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Regardless of whether you garden for pleasure, profit or both, be sure to use the necessary safety habits and equipment to help keep the results of your activity pleasurable. Just as with any enjoyable activity, gardening can quickly turn tragic when basic safety guidelines aren’t followed.
Gardening injuries happen every year and range from knee and back strain to eye, ear and skin damage. Some sources of injury come as no surprise while others can catch even the most seasoned gardener unaware.
In addition to injury from simply overextending ourselves, other common safety hazards while gardening include:
- Poisonous plants “” One woman in Seattle found herself in the ER after a Euphorbia plant shot poisonous sap into her eye.
- Gardening chemicals “” Many chemicals can seriously damage eyes and skin as well as cause illness if ingested.
- Sun damage “” Sun exposure can damage skin and lead to skin cancer and early signs of aging. It can also harm eyes and result in eye disease and permanent loss of sight.
- Foreign body “” Anything from bugs, blades of grass and dirt can fly into eyes while gardening even if you’re extremely careful. In some cases, these elements can also irritate your skin.
- Gardening tools “” An Arizona man suffered eye damage after he dropped his pruning shears point side down, leaned down to grab them, and fell on them face first. The shears became lodged in his head and had to be surgically removed.
- Hearing damage “” Motorized equipment such as lawn tractors, weed eaters and leaf blowers can cause cumulative damage to unprotected ears.
- Cuts & abrasions “” The hands probably receive the most cuts and abrasions when gardening for obvious reasons, but arms and face also get them often too.
Fortunately, preventing gardening injuries comes through some very simple and inexpensive solutions. Consider the following options:
- Splash goggles “” Goggles offer comprehensive protection when working with gardening chemicals or poisonous plants. Even something as simple and inexpensive as the Pyramex G204 Indirect Vent Goggle with Clear Anti-Fog Lens can provide quick and easy protection for those few times a season you’re handling chemicals.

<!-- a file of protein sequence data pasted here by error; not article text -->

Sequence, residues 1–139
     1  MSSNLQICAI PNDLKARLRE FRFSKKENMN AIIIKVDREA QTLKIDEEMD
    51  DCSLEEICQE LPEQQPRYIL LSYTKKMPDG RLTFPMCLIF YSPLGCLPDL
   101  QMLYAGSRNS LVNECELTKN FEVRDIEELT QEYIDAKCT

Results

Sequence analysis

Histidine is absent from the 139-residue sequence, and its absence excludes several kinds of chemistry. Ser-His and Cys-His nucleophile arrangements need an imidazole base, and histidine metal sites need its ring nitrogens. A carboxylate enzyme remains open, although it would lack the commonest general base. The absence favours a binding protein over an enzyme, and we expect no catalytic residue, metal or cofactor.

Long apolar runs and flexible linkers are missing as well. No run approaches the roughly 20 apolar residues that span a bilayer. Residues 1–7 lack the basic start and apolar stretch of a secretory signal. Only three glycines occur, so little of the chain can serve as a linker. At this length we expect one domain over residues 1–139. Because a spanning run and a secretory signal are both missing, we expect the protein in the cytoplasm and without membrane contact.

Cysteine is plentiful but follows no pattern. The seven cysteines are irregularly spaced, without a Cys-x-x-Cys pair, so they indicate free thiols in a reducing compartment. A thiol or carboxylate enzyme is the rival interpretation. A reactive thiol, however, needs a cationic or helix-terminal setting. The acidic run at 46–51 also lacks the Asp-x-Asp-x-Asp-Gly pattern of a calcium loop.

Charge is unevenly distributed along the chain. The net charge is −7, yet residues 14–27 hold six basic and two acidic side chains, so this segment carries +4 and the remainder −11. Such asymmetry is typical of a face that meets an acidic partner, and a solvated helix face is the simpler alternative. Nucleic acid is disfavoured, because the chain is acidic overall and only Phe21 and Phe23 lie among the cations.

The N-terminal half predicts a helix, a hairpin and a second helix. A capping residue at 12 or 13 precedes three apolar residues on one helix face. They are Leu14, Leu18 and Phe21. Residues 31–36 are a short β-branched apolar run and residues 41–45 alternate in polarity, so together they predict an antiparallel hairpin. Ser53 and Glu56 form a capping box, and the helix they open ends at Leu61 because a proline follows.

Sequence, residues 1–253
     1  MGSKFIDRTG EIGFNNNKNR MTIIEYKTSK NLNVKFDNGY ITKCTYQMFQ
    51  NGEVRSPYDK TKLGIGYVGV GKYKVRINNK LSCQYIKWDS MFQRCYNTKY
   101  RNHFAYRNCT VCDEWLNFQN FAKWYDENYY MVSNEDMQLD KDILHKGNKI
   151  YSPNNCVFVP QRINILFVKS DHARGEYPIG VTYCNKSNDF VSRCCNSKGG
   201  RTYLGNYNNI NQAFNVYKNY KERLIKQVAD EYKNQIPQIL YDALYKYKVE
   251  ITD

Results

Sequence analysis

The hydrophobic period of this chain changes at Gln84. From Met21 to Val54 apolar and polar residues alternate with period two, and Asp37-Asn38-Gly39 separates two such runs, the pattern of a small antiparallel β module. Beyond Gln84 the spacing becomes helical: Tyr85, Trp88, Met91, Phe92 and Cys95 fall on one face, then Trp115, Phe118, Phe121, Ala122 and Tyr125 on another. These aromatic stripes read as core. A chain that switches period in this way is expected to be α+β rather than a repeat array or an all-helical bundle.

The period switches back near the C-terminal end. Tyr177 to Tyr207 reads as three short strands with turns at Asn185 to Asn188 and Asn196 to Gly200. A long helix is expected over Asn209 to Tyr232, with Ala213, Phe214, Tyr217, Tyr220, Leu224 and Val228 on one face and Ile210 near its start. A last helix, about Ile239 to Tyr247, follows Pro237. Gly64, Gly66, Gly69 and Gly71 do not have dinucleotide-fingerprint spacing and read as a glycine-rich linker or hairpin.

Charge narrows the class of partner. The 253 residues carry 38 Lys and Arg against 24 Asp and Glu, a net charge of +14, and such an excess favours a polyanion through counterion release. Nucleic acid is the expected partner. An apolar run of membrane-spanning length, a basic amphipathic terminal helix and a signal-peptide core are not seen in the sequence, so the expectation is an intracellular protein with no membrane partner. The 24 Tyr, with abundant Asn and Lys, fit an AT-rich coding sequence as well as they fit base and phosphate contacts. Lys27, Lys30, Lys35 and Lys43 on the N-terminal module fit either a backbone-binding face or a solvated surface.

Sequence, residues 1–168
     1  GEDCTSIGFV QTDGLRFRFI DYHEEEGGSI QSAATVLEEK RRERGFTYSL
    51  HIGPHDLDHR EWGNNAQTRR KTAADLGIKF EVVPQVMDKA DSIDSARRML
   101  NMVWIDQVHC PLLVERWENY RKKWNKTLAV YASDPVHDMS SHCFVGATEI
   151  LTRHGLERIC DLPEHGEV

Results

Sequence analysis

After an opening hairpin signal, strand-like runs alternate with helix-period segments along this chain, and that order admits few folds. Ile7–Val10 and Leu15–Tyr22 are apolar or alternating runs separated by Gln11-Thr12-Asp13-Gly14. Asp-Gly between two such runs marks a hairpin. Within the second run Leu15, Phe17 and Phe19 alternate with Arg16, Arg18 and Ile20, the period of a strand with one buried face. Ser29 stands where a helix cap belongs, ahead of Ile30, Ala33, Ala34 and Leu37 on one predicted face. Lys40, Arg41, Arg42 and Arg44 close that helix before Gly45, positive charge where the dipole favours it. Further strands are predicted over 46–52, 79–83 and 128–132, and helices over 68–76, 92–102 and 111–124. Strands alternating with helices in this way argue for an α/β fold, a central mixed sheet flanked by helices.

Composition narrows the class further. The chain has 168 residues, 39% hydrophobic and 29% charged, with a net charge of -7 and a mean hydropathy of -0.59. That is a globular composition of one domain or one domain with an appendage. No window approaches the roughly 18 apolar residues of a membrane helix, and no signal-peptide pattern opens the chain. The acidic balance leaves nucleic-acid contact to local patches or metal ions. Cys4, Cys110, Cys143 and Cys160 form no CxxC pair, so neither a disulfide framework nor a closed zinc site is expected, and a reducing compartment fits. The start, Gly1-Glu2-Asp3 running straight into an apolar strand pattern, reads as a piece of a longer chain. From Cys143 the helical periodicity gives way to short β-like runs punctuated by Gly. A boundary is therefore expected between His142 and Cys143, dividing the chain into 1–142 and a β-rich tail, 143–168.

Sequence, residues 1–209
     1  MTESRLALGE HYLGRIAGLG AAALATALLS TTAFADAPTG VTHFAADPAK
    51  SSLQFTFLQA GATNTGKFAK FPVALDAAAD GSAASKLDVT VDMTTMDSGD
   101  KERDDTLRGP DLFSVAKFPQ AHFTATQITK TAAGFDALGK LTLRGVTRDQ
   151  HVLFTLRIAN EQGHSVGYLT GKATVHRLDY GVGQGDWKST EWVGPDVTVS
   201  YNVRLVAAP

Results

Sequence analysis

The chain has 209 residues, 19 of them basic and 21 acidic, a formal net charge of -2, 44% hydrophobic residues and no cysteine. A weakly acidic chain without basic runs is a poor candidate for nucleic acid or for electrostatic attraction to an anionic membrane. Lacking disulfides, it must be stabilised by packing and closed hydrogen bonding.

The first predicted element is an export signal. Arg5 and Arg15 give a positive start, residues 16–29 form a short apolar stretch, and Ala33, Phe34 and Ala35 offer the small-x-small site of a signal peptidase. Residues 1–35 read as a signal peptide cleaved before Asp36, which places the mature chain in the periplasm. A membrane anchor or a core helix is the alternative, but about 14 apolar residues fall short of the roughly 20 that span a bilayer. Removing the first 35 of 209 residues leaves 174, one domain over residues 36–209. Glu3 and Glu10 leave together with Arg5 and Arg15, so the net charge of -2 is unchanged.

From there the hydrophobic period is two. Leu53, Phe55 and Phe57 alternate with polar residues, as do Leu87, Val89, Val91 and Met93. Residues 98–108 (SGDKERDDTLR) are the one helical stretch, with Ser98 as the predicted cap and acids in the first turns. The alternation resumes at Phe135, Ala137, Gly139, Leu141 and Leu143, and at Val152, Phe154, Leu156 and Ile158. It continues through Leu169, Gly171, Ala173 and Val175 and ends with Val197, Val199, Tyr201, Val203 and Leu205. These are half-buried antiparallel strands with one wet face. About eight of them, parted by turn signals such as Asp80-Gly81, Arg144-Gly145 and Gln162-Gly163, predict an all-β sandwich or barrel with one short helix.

- Wrap-around sunglasses “” There are a lot of safety sunglasses available to provide impact protection along with protection from the sun. The wrap-around style guards not only against UV rays but also helps keep foreign bodies like grass, dirt and bugs away from eyes too.
- Hearing protection “” While lawn equipment may not seem too loud, it can cause cumulative damage. Be sure to protect your hearing with earmuffs or earplugs, especially when using or near noisy equipment on a regular basis.
- Gloves “” Not just for the workplace, quality gloves like the PIP G-Tek Maxiflex Ultimate Gloves contour to your hands to help maintain dexterity and protect hands at the same time.
- Basic skin protection “” Make a habit of wearing sunscreen, brimmed hats and bug spray. Also consider whether wearing long-sleeved shirts and pants might provide you with the best protection for the gardening task you’ll be tackling next.
While you’re considering safety in the garden, don’t forget to monitor pets and children too. Let’s keep gardening something everyone can enjoy safely!
Spring is here and it is always a good time to review important ways to protect your eyes now that you will be spending more time outdoors, enjoying sports, gardening or just basking in the warm spring sunshine.
Protective Eyewear for Home, Garden & Sports
Sunglasses and wide brimmed hats are the first things to consider as you go outdoors. The damage from UVA/UVB rays from sunlight is ever present, even on cloudy days. It is also cumulative and can lead to cataracts and age-related macular degeneration. Don’t forget to use sunscreen generously, helping to prevent a painful sunburn and skin cancer. If you perspire a great deal, think of a waterproof sunscreen that will not run into your eyes causing blurry vision and irritation.
In your backyard or garden it is wise to use safety glasses or goggles when operating a chain saw, axe or hedge clipper. They will help to prevent small flying objects, dirt and debris from getting into your eyes. Tree sap and plant secretions can also be hazardous to your eyes. Wearing gloves should make you think twice about rubbing your eyes, or at least you can remove them if you can’t resist.
Home maintenance and spring cleaning offer some of the same threats as gardening. Beware of using any regular or power tools, paints and chemicals without protective eyewear because of flying debris, drips, splashes and sprays. Besides the general eye irritations and painful corneal scratches, you could permanently impact your vision. Also take care if your children are helping or playing nearby, they could also be at risk.
Spring is a great time to get outdoors and enjoy your favorite sports, but if you engage in any activities that involve throwing and catching balls, “flying” arms and elbows (such as karate), swinging bats, sticks or clubs, or anything that involves shooting (such as paintball or airsoft), you need protective goggles that wrap around and protect you from all angles. Not every threat will be coming from directly in front of you.
For these sports and recreational activities prescription eyeglasses, sunglasses and even occupational safety glasses are not enough to protect your eyes. You will need a highly impact-resistant polycarbonate to avoid a lens that can shatter and cause additional danger to your eyes. Consult your eye care professional to choose the right kind of eye protection for your warm weather activities.